Seasickness: Seasickness is probably one of the worst feelings in the world and is said to come in two stages: the first stage, when you’re afraid you’ll die, and the second, when you’re afraid you won’t! There are a LOT of different ways to avoid seasickness, and the ones which work are different for different people. There are a lot of over-the-counter tablets that you can buy (I like Stugeron because I don’t get side effects with it, but other people find it makes them too drowsy), but I think one of the most important things is to make sure you eat before you get on the boat. Having a bit of ballast in your stomach does the world of good and is the one thing I’ve heard a lot of people talk about when we’re at sea for long periods of time – not eating properly is about one of the worst things you can do to yourself! Similarly, make sure you drink plenty of water. Some people (myself included) find ginger can help settle their stomach (in whatever form you prefer – crystallised, tea, biscuits, whatever!), and of course, watching the horizon (or the wildlife) also helps make you feel a bit more steady. And if none of that works, lying down somewhere quiet for a while often helps.
5.Stay Safe
This is absolutely the most important thing. If you fall out of a boat into temperate (e.g. UK) waters, the sea temperature is low enough year-round to kill you from hypothermia pretty quickly (and it will ruin your camera!). At the end of the day, it’s not worth falling in the water for a photograph so use your common sense – wear a life jacket, and if there’s any doubt that you might not be able to keep your balance and shoot, don’t shoot.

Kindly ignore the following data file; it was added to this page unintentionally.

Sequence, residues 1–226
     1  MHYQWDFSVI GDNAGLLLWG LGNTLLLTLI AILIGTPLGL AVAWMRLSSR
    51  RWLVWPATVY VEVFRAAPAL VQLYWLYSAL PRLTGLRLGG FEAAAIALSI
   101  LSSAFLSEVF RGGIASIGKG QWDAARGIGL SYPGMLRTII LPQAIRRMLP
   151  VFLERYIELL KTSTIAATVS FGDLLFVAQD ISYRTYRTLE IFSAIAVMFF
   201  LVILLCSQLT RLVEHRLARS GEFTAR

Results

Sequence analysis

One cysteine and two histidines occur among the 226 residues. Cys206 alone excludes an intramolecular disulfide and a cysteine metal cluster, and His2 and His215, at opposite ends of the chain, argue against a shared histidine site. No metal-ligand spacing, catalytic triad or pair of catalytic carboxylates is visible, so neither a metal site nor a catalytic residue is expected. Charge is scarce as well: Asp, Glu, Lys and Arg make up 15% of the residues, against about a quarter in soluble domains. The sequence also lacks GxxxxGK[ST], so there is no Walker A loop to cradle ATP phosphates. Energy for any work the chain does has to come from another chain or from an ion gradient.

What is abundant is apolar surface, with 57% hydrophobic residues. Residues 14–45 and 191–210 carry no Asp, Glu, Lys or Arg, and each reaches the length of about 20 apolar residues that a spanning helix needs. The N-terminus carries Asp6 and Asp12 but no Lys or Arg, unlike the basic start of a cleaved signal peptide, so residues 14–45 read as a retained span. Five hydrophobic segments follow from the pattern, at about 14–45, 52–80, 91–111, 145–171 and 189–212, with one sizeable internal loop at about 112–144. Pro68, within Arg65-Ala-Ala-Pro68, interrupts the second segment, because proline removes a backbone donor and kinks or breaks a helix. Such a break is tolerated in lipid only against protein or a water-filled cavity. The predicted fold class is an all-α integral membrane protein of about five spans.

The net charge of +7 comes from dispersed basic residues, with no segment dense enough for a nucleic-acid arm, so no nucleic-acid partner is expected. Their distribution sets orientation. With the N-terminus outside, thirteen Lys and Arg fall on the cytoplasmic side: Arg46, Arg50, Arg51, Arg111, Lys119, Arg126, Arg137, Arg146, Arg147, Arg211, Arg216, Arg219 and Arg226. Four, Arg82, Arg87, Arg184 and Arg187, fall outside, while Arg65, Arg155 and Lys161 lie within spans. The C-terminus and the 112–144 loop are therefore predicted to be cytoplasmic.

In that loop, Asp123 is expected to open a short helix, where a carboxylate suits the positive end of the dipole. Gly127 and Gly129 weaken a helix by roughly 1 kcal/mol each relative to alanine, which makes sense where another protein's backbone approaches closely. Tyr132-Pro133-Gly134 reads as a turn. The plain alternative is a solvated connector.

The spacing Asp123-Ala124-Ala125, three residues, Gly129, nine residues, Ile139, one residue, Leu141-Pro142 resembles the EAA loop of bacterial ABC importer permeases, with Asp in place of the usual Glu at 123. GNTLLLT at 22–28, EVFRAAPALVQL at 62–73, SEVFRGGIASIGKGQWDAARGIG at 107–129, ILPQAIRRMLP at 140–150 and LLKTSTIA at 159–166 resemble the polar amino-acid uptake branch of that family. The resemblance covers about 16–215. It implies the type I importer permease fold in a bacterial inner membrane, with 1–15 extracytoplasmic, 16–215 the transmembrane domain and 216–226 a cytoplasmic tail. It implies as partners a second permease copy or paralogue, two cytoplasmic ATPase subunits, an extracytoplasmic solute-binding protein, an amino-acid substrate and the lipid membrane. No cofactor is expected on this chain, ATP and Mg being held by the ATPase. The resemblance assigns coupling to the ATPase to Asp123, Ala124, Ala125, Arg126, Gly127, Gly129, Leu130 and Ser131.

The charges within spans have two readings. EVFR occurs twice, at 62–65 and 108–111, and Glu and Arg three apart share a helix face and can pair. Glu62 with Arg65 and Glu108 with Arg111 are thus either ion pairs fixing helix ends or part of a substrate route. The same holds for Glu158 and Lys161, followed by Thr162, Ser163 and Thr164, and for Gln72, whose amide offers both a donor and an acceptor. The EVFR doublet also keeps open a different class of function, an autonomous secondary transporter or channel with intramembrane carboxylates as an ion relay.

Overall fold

The exact settings you apply to your camera are going to vary hugely depending on what you intend to shoot, whether it’s birds in flight, people working on a boat or seascapes for example, but there is one thing that I find enormously useful regardless of the photographic subject and it is setting my camera to full manual mode. I understand that the idea of using manual settings can seem overwhelming initially (it was years before I gave it a try), but once you get used to it, it makes photography at sea far, far easier. Essentially, putting your camera into manual means that you choose the aperture, shutter speed and ISO yourself to produce the exposure you’re looking for. When I started out, I shot exclusively in aperture priority mode, keeping the aperture as wide as possible and usually leaving the ISO around 400 to keep the speed up. The camera would meter the scene (usually using spot metering) and would adjust the shutter speed (and therefore the exposure) itself. This is fine under most circumstances, but becomes an enormous pain in the ass if you’re trying to shoot a bird in flight which keeps crossing above and below the level of the horizon (which most do with ridiculous regularity). Because the sky is very bright relative to most birds and certainly to the sea, as the bird flies you have to constantly adjust the exposure compensation to adjust for the changing background (not necessary if you can keep the subject bang on centre all the time, but I’m not that good!). Anyway, I eventually decided that this was far too much work, made the plunge to using manual and never looked back! Using manual, you can take a couple of test shots to make sure you’ve got the exposure correct, then (providing the light doesn’t change by much) you can ignore it the settings completely and just focus on taking pictures. It also allows you to respond much faster to photographic opportunities because your camera is always ready to go. As long as you remember to check the exposure is still correct when the light levels change it’s dead easy.